H.R. 2017, Common Sense Nutrition Disclosure Act of 2015

H.R. 2017

Common Sense Nutrition Disclosure Act of 2015

Date
February 12, 2016 (114th Congress, 2nd Session)

Staff Contact
John Huston

Floor Situation

On Friday, February 12, 2016, the House will likely begin consideration of H.R. 2017, the Common Sense Nutrition Disclosure Act of 2015, under a structured rule.  H.R. 2017 was introduced on April 23, 2015 by Rep. Cathy McMorris Rodgers (R-WA), and was referred to the Committee on Energy and Commerce, which ordered the bill reported by a vote of 36 to 12 on November 18, 2015.

Bill Summary

H.R. 2017 amends the Federal Food, Drug, and Cosmetics Act to clarify the information certain retail food chain establishments, with 20 or more locations, must disclose about nutrition to the consumer to prevent overly burdensome regulations for certain establishments, such as convenience stores, supermarkets, grocery stores and pizza restaurants, and to provide flexibility in how restaurants display calorie information.

Specifically, the bill allows retail food establishments where the majority of orders are placed by customers who are off-premises at the time such order is placed, such as pizza restaurants, to disclose nutritional information on a remote-access menu (such as a menu available on the Internet) as the sole method of disclosure instead of on-premises writings.[1]The bill also eliminates criminal penalties and allows restaurants and retailers to take corrective action, and preempts civil litigation for violations of the federal menu labeling law and any state laws that may exist. The bill accommodates for inadvertent variations r that occur during the food preparation process.

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[1] See House Report 114-413 at 4.

Background

The 1990 Nutrition Labeling and Education Act requires nutrition labeling of most foods and dietary supplements, but it did not require labeling of food sold in restaurants. The Patient Protection and Affordable Care Act (ACA) included a provision that required nutrition labeling in certain restaurants, similar retail food establishments, and for certain vending machine items because there was a patchwork of state and city nutrition labeling requirements that was causing many issues for the restaurant industry. Specifically, these labeling requirements apply to standard menu items offered for sale in chain restaurants or similar retail food establishments that have 20 or more locations, which conduct business under the same name regardless of the type of ownership of the locations, and that offer the same menu items for sale.[2]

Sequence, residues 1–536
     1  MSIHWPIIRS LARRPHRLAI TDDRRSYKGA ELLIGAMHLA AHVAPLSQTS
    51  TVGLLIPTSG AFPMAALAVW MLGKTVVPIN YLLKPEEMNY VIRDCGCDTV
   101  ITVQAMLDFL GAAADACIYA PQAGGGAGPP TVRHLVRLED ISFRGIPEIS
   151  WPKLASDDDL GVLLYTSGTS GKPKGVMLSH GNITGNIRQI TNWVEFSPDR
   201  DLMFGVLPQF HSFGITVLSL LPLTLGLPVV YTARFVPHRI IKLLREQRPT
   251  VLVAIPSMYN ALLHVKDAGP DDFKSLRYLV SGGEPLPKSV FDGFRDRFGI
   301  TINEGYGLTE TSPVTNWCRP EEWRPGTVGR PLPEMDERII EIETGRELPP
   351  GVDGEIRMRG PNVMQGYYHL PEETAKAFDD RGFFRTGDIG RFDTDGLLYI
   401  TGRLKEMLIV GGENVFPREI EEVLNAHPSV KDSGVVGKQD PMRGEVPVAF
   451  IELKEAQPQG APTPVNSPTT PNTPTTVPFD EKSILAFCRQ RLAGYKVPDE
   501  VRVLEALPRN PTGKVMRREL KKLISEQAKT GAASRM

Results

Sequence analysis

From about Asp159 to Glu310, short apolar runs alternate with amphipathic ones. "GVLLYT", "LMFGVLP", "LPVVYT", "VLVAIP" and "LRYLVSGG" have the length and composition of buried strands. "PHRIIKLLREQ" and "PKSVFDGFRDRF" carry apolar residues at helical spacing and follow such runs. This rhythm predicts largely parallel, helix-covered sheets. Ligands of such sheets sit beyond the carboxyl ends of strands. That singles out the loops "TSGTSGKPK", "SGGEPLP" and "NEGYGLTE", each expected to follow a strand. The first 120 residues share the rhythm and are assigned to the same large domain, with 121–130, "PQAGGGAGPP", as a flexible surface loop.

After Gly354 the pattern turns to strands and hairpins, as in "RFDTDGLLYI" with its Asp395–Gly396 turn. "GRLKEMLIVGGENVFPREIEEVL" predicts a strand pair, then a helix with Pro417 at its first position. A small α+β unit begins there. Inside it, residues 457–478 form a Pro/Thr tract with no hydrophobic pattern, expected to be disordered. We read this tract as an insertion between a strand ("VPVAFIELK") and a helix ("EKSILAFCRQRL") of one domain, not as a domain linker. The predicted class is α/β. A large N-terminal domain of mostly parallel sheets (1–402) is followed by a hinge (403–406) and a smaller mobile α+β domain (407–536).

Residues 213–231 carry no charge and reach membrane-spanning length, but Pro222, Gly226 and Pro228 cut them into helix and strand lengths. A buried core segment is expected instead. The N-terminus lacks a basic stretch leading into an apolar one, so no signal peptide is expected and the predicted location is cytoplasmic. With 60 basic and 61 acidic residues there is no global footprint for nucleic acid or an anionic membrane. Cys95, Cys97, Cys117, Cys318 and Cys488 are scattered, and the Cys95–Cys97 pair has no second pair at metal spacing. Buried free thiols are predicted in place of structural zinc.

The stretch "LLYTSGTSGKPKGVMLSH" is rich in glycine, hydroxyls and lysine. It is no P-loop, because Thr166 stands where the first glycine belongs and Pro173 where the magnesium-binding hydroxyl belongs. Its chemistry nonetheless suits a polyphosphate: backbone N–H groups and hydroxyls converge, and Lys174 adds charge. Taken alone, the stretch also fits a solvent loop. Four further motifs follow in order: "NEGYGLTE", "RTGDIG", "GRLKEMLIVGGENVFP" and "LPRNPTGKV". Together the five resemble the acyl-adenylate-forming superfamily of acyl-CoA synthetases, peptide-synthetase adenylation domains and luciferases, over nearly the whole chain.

Pursuant to these requirements, the Food and Drug Administration (FDA) published an implementing rule establishing calorie labeling requirements for prepared food items, including alcoholic beverages, sold in certain restaurants, convenience stores, grocery stores, and movie theatres, which was finalized on December 1, 2014. The rule was set to take effect one year later (December 1, 2015); however, the compliance date was extended to December 1, 2016, in the wake of concerns expressed by industry groups, trade associations, and some Members of Congress.[3] The delay of the rule was codified in the Consolidated Appropriations Act of 2016, stipulating that the rule would become effective on December 1, 2016 or one year after final guidance is issued, whichever comes later. According to the Committee, ”the delay is not enough to address industries many concerns, in one year, industry will find itself in this position again needing a legislative solution.”

Prior to the FDA rule, some food establishments, such as McDonalds, Panera Bread, and Starbucks, had already begun voluntarily posting nutrition information. However, variable state and local regulations had resulted in a patchwork of labeling requirements, making compliance more challenging for chain food establishments.

According to the bill sponsor, “In their current form, menu labeling regulations are fundamentally impractical and unnecessarily expensive. Compliance with this regulation is estimated to cost American businesses more than $1 billion and 500,000 hours of paperwork. This is time, energy, and financial resources that should be spent on creating jobs and building up the economy – not on paperwork. […] This legislation is commonsense and provides access to calorie information in a practical, flexible, and simpler manner by clarifying – not significantly altering – complicated regulations.”[4]

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[2] See CRS Report, “Nutrition Labeling of Restaurant Menu and Vending Machine Items,” November 16, 2015.
[3] Id.
[4] See Rep. Cathy McMorris Rodgers Press Release, “Smarter Menu Legislation Passed Committee,” November 18, 2015.

Cost

The Congressional Budget Office (CBO) estimates enacting H.R. 2017 would cost $9 million over the 2016-2021 period, assuming appropriation of the necessary amounts. Enacting H.R. 2017 would not affect direct spending or revenues; therefore, pay-as-you-go procedures do not apply.

Amendments

  1. Cathy McMorris Rodgers (R-WA)—The amendment ensures that businesses will not be penalized for inadvertent human error in preparation or variation of ingredients.
  2. Mark DeSaulnier (D-CA)—The amendment maintains current state’s rights to enact menu labeling laws.
  3. Rep. Kurt Schrader (D-OR)—The amendment strikes “off-premises” ordering exception from bill.

Additional Information

For questions or further information please contact John Huston with the House Republican Policy Committee by email or at 6-5539.